Essay Part 4: Best Evidence for the Afterlife

Part 4

This is the fourth and final part of my essay answering the question, ‘What is the best available evidence for the existence of human consciousness after permanent bodily death?’ If you haven’t read parts one, two and three, you can do so by clicking here, here, and here.

I’ve opened the comments to everyone this time. What did you think of this essay? Which points did you find most convincing? Is there anything I’ve overlooked?

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Part Four: Accepting the Evidence for Survival

In this essay, I provided two examples of mediumship sittings which prove I obtained information about deceased persons that I could not have received by ordinary means. I knew nothing about the communicators or the recipients until the moment the sittings began, and yet, I presented concrete evidence in the form of cherished personal objects that belonged to the communicators. These were verified by the living recipients, and photographic confirmation was produced.

I proved that motivated living-agent psi (telepathy etc.) is an insufficient explanation for at least some cases of mental mediumship. I provided a real case study where neither the recipient nor I knew the facts that were transmitted at the time of the sitting. It seems that a deceased communicator is required to explain where the information originated from.

These are not fringe cases. What you have read about are three typical examples of tens-of-thousands of my sittings that span two decades. And there are many mediums out there who are even more accurate and prolific than me. And yet, a number of people will read this essay and remain unconvinced. Why is that?

If you take a quiet moment to ponder the experience of what it is to be you, you will notice that your body and personality (and the various aspects of it) are doing a great job of making you believe that they are all one-in-the-same thing. Every day, when they are brushing their teeth, working out at the gym, preparing dinner, and chatting with friends, human beings feel they are one single entity, and rarely question if that is legitimately true. It can take some convincing for people to believe their personalities could exist beyond their bodies.

What if your mind is to your body what a movie is to a movie theater? In the theater, watching Jaws play out in booming technicolor and Dolby Digital surround sound, you are so immersed in the action you may forget you are watching a movie. The movie and the theatre are distinct. They work together to create a thrilling experience but remain separate component parts of that experience. If the movie theater suddenly collapsed, it would not mean that the movie Jaws ceased to exist as well. The fate of one has absolutely nothing to do with the fate of the other, despite how connected they seem in the moment. Perhaps this is the reason we find it difficult to accept evidence of the afterlife. We are so immersed in the movie of our lives that we are utterly convinced that the movie and the theater are one.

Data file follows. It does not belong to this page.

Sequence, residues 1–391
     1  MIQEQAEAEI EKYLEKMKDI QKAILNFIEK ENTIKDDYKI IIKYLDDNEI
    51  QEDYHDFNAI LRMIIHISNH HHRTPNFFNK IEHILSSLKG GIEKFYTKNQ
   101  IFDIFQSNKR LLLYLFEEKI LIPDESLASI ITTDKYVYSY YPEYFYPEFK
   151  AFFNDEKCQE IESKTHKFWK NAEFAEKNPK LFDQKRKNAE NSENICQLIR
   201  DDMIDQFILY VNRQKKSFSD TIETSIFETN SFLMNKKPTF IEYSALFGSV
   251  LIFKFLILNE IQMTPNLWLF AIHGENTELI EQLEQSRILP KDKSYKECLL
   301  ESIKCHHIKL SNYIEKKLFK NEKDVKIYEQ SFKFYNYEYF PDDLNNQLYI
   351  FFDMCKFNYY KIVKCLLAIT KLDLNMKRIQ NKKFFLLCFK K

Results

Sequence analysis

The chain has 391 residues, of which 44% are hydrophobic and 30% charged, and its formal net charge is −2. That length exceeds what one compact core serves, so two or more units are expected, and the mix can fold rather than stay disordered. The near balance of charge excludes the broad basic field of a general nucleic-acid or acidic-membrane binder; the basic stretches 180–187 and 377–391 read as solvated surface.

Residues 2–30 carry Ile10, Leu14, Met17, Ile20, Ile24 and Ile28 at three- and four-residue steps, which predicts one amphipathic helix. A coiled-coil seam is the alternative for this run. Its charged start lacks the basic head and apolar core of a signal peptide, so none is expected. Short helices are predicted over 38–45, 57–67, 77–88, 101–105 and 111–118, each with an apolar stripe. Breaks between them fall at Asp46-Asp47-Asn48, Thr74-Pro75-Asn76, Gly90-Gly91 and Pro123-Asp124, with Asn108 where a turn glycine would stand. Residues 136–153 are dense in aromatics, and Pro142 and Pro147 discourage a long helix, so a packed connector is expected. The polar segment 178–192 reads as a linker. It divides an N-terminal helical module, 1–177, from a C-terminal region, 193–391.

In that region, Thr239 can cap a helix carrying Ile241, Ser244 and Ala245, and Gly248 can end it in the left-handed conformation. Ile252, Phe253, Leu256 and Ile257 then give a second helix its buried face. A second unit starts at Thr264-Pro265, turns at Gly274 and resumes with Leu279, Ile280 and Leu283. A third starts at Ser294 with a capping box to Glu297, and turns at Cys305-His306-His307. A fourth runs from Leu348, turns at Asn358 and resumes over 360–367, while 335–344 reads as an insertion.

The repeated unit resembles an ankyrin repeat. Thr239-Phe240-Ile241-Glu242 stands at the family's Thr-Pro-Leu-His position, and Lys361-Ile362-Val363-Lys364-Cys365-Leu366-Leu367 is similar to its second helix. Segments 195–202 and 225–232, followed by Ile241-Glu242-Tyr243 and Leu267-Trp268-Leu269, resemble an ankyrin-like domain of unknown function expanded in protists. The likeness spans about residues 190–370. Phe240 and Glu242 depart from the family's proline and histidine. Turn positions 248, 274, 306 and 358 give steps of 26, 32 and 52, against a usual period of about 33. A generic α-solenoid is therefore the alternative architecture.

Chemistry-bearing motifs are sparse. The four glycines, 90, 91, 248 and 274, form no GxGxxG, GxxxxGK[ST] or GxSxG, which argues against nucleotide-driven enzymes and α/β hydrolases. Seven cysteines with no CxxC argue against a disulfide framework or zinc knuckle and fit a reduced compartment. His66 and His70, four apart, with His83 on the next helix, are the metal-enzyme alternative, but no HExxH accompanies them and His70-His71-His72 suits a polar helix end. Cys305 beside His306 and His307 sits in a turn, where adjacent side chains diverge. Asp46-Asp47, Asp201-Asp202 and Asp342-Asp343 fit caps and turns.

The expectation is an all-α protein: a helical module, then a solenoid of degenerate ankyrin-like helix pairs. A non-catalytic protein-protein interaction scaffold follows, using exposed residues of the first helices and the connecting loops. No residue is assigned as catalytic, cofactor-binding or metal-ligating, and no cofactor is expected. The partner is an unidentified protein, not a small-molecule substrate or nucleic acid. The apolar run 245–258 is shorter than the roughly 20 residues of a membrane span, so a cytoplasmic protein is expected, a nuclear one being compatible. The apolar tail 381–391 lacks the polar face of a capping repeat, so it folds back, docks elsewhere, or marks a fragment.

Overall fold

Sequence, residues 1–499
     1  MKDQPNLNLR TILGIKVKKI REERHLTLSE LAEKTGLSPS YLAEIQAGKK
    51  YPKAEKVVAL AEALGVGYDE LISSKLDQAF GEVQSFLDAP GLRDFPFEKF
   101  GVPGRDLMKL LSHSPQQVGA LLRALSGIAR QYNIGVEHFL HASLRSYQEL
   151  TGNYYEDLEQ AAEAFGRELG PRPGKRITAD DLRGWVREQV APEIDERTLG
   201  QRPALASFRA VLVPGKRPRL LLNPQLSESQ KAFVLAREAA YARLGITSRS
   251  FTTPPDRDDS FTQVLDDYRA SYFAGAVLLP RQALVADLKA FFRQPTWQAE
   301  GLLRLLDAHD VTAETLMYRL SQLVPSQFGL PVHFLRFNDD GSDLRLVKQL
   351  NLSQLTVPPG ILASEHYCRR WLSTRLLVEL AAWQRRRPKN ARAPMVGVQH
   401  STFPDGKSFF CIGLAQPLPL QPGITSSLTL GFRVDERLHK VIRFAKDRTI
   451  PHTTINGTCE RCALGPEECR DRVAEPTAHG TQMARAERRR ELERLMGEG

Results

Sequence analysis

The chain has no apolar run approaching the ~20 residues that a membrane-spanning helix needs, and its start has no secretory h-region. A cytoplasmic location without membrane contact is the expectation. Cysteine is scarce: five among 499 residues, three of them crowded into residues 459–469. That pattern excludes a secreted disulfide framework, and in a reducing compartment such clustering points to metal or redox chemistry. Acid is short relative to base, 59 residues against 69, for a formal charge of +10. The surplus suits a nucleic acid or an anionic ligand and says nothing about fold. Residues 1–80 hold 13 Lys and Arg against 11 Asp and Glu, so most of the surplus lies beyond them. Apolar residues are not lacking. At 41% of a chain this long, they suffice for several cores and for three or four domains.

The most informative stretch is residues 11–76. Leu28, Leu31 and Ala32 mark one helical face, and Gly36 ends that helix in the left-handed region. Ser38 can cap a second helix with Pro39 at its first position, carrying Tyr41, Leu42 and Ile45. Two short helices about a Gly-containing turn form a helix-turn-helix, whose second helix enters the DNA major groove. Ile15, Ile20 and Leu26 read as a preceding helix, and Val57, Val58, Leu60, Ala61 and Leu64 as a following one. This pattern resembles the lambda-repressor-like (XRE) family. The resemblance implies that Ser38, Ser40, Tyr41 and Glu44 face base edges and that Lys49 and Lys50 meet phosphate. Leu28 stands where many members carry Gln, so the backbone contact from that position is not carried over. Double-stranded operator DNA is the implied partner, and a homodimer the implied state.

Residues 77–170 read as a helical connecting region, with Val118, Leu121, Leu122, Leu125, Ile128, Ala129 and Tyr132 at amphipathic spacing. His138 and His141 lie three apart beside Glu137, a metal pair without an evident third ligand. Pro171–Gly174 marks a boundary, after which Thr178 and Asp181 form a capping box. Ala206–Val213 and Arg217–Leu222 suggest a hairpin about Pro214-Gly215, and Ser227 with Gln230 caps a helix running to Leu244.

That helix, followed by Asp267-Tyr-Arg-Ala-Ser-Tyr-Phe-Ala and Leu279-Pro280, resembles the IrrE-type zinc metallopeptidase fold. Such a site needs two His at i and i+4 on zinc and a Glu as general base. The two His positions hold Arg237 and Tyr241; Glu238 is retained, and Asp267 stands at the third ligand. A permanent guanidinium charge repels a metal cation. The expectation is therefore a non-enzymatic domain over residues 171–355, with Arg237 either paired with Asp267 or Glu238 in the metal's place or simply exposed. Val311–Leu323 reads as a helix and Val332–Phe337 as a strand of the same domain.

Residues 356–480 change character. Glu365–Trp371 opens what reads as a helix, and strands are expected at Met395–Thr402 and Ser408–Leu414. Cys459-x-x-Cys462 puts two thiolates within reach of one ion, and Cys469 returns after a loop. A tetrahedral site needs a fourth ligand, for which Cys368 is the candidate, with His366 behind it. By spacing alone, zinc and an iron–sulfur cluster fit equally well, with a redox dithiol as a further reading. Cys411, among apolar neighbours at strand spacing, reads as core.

What if there are mountains of evidence that our consciousness and bodies can come apart, but when they are together, they cause the immersive illusion that they are an integrated, single whole? Unless you can remember what it was like before you were born, then you have never known your mind without your body, and you have never known your body without your mind. But just because you have not known it, it does not logically entail that they cannot come apart.

Imagine someone you love needs a life-saving kidney transplant. You discover you are a tissue match, and you give a kidney to save their life. A week after surgery, you are both recovering and all will be well. Imagine how you would feel. If the mind and the body are the same sort of thing, you would expect that when you were relieved of your kidney, there would be a kidney shaped part of your mind or personality that would go with it. You would expect to feel, or at least be aware of, a loss of some kind.

And yet, our intuitions are that our minds would go in the opposite direction! Rather than feeling that we lost an equivalent part of our personalities, we would gain new aspects of conscious experience. We would feel elated, thrilled, purposeful, and grateful that our loved one was thriving once again and we were able to save their life. If you agree, then this asymmetry of your mind and body ought to have you raise serious questions against the intuition that they are one and the same. It shows just how distinct they really are from each other.